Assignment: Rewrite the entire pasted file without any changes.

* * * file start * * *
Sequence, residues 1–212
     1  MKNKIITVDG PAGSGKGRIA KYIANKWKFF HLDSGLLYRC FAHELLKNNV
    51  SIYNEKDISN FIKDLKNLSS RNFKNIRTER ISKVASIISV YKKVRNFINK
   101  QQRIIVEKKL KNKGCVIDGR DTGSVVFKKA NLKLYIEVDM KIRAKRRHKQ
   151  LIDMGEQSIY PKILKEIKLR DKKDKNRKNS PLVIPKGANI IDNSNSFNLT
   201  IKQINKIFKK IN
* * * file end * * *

Sequence, residues 1–212
     1  MKNKIITVDG PAGSGKGRIA KYIANKWKFF HLDSGLLYRC FAHELLKNNV
    51  SIYNEKDISN FIKDLKNLSS RNFKNIRTER ISKVASIISV YKKVRNFINK
   101  QQRIIVEKKL KNKGCVIDGR DTGSVVFKKA NLKLYIEVDM KIRAKRRHKQ
   151  LIDMGEQSIY PKILKEIKLR DKKDKNRKNS PLVIPKGANI IDNSNSFNLT
   201  IKQINKIFKK IN